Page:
Paris, France, 14 SEPTEMBER 2022 – Unistellar today announced that it will be taking part in its first International Astronautical Congress (IAC), which is to be held at Paris’s Porte de Versailles exhibition centre from 18 to 22 September 2022. Unistellar is attending the space industry’s biggest international gathering to show that the public can play an active role in the future of space adventure. They are also announcing their recent approval and funding from NASA.
The young company has experienced significant growth in the past year with its smart telescopes including the eVscope eQuinox and the eVscope 2. Based in Marseille and San Francisco, it has a global community of more than 10,000 citizen astronomers, often beginners, who, thanks to the power of these instruments, can enjoy the pure sense of wonder of outer space observations while helping with a range of scientific projects including the JWST, the Lucy mission and the DART mission.
Exoplanet detection citizen science programs approved by NASA
The exoplanet detection citizen science programmes available to the international community of Unistellar smart telescope users now have approval and funding from NASA.
In the first approved programme, the Unistellar network is confirming new exoplanets detected by the TESS satellite. The space agency also supports a programme where citizen astronomers use eVscopes for citizen science tasks focusing on the Exo-Jupiters discovered by NASA missions.
Franck Marchis, Chief Scientific Officer and Co-Founder at Unistellar, and Senior Planetary Astronomer at the SETI Institute, explains: “As part of the Unistellar community, you have a front-row seat at astronomical events and can contribute to new scientific knowledge. NASA’s funding for citizen science programmes opens up new horizons for this shared adventure.”
Daily education sessions in partnership with SETI
Unistellar and the SETI Institute, an organisation leading the search for life in the universe, have a long-standing partnership. This focuses particularly on education, with various programmes for young people like supporting the NASA Community College Network in the US.
Cory Ostrem, Professor at Des Moines Area Community College in Iowa, explains:
“The eVscopes show students that they can make a contribution to science without being shut away in a lab working on a PhD. My students leave an observing session with a new appreciation for the night sky and the universe. It’s a useful opportunity to change how they see their place in the world.”
Throughout the Congress, Unistellar and the SETI Institute will be running daily sessions to present these initiatives.
Unistellar’s eVscopes at the Connect by CNES stand
Unistellar will also be in France’s National Centre for Space Studies (CNES) area during the Congress. Its telescopes will be on display during the Public Day on 21 September at the Connect by CNES stand and during the IAC Paris Welcome Reception.
“Since its creation, Unistellar promotes astronomy, on the one hand by making its practice easier and on the other hand by providing the general public with extremely powerful instruments, thus allowing amateurs to participate in space exploration. The community we lead contributes to citizen astronomy, which is becoming an increasingly important component of space research, as evidenced by both the formalization of our programs approved and funded by NASA and our presence on the CNES spaces citizen,” says Laurent Marfisi, CEO and Co-Founder at Unistellar.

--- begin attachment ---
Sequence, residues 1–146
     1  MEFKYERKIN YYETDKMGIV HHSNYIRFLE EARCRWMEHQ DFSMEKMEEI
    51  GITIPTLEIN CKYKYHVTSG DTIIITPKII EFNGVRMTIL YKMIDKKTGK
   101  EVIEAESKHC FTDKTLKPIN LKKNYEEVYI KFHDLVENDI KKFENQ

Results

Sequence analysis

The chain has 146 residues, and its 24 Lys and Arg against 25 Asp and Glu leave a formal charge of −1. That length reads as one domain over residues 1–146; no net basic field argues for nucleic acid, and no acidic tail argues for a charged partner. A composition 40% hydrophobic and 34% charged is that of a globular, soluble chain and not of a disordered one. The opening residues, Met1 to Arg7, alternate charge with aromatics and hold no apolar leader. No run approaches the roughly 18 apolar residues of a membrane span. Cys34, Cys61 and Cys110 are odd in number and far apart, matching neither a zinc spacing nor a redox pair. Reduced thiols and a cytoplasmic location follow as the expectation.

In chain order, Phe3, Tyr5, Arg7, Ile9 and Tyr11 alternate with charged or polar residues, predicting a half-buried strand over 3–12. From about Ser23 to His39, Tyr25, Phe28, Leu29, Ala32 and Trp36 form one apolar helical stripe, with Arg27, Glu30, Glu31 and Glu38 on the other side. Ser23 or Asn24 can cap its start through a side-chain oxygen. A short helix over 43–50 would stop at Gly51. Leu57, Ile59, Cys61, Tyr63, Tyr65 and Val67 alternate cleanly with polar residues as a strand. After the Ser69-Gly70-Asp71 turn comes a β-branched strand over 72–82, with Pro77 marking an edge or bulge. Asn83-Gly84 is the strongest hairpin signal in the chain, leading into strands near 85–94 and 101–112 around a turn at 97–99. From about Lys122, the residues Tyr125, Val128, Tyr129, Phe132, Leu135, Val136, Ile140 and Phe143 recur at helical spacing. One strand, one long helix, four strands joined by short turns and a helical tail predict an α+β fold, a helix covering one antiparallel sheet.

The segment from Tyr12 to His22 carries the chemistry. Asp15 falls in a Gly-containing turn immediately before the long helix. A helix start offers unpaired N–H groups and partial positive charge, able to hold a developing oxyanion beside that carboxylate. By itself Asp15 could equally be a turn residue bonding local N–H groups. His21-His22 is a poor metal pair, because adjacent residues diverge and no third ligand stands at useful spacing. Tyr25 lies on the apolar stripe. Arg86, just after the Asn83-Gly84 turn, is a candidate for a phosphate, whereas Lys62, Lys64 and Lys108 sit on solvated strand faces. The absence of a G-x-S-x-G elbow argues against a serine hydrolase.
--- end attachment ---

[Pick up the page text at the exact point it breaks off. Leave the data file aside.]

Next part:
Unistellar is also partnering with Space Prize Paris, which will be awarded during the IAC. This initiative encourages young women to explore careers in the space industry and Unistellar will give the winner’s school an eVscope.
Unistellar at the heart of the latest space news
Thanks to its telescopes’ unique features, Unistellar can invite all users to participate in the space adventure by contributing to two major space events this autumn:
- The DART mission on 26 September: the very first mission where a spacecraft will be deliberately crashed into an asteroid to test a planetary defence mechanism.
- The Lucy mission in October: part of a citizen science campaign jointly organised by the French Astronomy Association (AFA) and Unistellar to detect asteroids offering crucial information about how our solar system was formed.
Various key figures will be available to talk to during the event:
- Dr Sian Proctor, pilot for the SpaceX Inspiration 4j mission, supporter of the Unistellar project
- Franck Marchis, Co-Founder and Chief Scientific Officer at Unistellar and Senior Planetary Astronomer at the SETI Institute
- Laurent Marfisi, Co-Founder and Co-CEO at Unistellar
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Unistellar is a new astronomy pioneer and the company behind the eVscopes new telescope category. These smart telescopes are the most powerful and easiest to use in the world. They bring the wonders of the universe to life in just a few seconds, even in urban environments with high levels of light pollution. Thanks to partnerships with renowned scientific organisations, like the SETI Institute, and, for the exoplanet’s detection program, with NASA citizen science, these telescopes designed for the public allow users to become citizen astronomers and contribute to cutting-edge research into exoplanets, asteroids, comets and much more.
Unistellar has won two CES Awards: a 2022 CES Innovation Award in the Digital Imaging category for the eVscope 2, and a 2018 CES Innovation Award in the Tech for a Better World category for the eVscope. Over 10,000 digital telescopes are now in service in Europe, Japan and
North America, all participating in an unprecedented observing experience.